Return of the Manitou
The clock on my phone, one of the few in my house not set five — or 10 — minutes early, read 6:59 when I finally pulled myself out of some quickly forgotten dream in which the odd sound of the alarm, set at three different times in consideration of having to make the early boat, had long been incorporated.
It was one of those rare Thursdays and Mondays in winter when I was going off-Island, as is the case with many people, for a specific reason, mine with plans to be somewhere at 11:30. It would be, unusual for me, the second trip in less than a week, this time with my car.
There were years I envied everyone with a car on the mainland, the passengers with carry-on grocery carts and coolers headed for cars parked in the lot over beyond the old DEM building. It seemed so much simpler, so much less time consuming to walk on and off the boat, not to have to be there early, all those grass-is-greener illusions. Then, some kind, trusting friends loaned me cars and I realized vehicles drove off before the masses huddled on the upper decks and stairs. Then there was the walk to the parking lot and, on the other end, returning, there was unloading, hoping for at least as good a space as the car had been in before it was borrowed, and the not-long but still time-consuming walk back to the boat.
There is, of course, not having to worry about reservations. Perhaps more to the point, I do not have to go off frequently, on business, to see medical specialists, or take classes, or any one of the travel reasons of many of the folks it seems I see every time I am on the boat.
Time was a little tighter with the car but, even with giving Autumn an admittedly shortened outside romp, which I could do as I was lucky to have a friend coming to walk her at mid-day, I was able to leave the house in time to get to the dock by the blessedly reduced winter deadline.
Everything was on track, again, the dreaded backing onto the freight deck went without mishap, I was not so squeezed I could not get our of my car, and upstairs I found a seat with friends. From there it all went downhill. The coffee I had set to brew - as it did - even before the first of those three unheard alarms sounded was still on my kitchen counter. Time was tight, and I left it in sure anticipation of a beverage and my on-the-boat bagel treat. The concession never opened.
Nothing over the course of the day went truly wrong, absolutely nothing of any severity, merely a series of annoyances that steal precious minutes which accumulate. There was a list left not at home, only in the car, there was a new duplicate key seemingly lost that was attached to the old clicker fob. I lost a place in line because I drifted off and forgot I was in line, all difficulties of my own doing until the automotive guy landed in the paint section of Benny's. How does one say “I do not have time for this nonsense, stop telling me you do not have what I want when it is on the shelf behind you!”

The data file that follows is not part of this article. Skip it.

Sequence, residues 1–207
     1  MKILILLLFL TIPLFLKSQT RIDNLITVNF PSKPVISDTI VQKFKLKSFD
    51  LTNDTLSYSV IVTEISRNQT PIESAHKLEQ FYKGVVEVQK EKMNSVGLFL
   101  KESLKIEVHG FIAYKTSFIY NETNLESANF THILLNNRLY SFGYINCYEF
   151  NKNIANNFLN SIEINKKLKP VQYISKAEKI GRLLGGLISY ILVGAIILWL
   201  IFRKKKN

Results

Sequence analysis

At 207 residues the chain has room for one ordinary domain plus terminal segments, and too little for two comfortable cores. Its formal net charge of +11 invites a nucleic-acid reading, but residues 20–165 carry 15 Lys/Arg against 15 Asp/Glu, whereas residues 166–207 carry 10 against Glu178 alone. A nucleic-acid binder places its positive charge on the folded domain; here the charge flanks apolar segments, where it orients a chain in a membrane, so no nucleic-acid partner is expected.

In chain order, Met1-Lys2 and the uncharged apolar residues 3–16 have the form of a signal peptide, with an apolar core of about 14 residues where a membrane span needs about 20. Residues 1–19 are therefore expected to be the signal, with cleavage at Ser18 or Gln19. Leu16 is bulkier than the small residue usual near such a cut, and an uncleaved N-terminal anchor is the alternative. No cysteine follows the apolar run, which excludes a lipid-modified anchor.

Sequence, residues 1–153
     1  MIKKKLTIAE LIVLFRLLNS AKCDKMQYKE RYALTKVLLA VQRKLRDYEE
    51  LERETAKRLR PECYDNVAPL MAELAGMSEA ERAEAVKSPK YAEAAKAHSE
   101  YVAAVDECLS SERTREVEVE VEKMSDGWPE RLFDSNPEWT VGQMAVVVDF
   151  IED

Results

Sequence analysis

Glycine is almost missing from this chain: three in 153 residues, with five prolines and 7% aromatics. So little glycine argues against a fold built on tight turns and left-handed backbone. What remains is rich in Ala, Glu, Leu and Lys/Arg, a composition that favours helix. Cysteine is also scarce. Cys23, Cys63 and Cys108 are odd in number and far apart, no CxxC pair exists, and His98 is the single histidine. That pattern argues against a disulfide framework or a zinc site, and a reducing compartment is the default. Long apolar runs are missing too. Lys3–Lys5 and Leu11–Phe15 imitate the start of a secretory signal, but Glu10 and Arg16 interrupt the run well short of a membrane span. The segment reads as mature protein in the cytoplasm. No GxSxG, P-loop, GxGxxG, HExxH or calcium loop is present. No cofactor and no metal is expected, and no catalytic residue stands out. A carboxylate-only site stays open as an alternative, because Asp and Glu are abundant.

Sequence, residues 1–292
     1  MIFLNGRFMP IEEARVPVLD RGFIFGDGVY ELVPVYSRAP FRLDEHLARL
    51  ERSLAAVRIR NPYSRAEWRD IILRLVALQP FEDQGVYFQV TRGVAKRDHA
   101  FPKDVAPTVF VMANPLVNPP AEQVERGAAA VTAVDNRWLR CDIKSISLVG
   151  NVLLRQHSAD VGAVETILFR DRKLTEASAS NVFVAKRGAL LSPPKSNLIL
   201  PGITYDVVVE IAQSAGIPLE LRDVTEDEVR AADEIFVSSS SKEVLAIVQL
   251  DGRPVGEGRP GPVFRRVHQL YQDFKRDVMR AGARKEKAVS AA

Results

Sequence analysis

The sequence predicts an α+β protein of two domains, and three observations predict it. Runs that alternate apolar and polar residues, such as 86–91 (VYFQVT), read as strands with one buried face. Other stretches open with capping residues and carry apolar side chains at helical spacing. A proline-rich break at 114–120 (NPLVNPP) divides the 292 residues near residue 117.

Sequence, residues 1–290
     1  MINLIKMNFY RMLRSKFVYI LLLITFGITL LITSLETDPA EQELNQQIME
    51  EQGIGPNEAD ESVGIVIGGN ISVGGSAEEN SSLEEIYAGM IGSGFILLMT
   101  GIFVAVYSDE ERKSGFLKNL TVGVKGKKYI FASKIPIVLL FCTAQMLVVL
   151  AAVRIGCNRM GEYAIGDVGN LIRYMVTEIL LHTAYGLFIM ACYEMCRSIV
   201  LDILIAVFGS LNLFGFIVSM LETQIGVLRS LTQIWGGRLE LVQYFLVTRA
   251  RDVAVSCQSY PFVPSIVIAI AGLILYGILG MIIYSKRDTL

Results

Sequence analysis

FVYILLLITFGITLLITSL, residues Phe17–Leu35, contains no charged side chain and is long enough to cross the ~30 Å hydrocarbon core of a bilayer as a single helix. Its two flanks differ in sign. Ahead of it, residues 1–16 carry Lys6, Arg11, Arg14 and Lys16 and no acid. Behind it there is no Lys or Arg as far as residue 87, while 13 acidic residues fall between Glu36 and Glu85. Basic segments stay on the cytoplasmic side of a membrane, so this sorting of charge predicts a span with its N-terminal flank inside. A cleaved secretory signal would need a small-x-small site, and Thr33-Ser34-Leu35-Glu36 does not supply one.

Thankfully, the Paint Lady arrived and took over and my faith in Benny's was restored. A nice stranger helped load a big bag of dog food into my car.
Then there are the things those of us who rarely get to the mainland forget until we encounter them, particularly the lines in stores, which always seem longest in the Stop & Shop in Narragansett. I think it is worse because there are fewer cashiers, or some other austerity reason, then I remember my mother cautioning time had to be allowed for check-out. She died in 1987.
At least I had paid attention and knew where my car was, its place in line, the direction in which it was headed, and I rolled my cart to it. Unfortunately, I do not recognize cars, only license plates (I'm still trying to adjust to the numerical plates, initials were so much easier) so I was almost at the silver Subaru Forrester of a certain age before I realized — after a moment of sheer panic — mine was parked in the next row over.
It was a day filled with the tiny time sucks compounded by what used to be an 8 o'clock boat off and a 5 o'clock boat back shrunk 15 minutes on either side. Half an hour is a lot to lose, although I cannot truly complain about the morning after this particular near miss.
It was a time to remind myself there was not always the possibility of going-off-for-the-day on the winter boat; I remember when two round trip days were added, an experiment that was successful from the days of the not beloved Manitou, the thing that was sitting at the dock in Galilee when I arrived as late as I ever have and hope never to again.
That is a visual I put out of my mind until this moment. It is, it has been for some time, painted white, as if it is in disguise, like Superman wearing those horn rimmed glasses and working in a newsroom where otherwise astute reporters never notice the resemblance between him and Clark Kent!
Although, now that the Manitou and its sister are not a part of our daily lives, it is easy to think of their upside: they gave us all a common ground, a focus of dislike which perhaps helped mitigate other hostilities.
After the blatant nastiness at last week's Financial Town Meeting (point of fact: far, far better attended than the last five held in May) I am wondering if we would be best served by the return of the Manitou.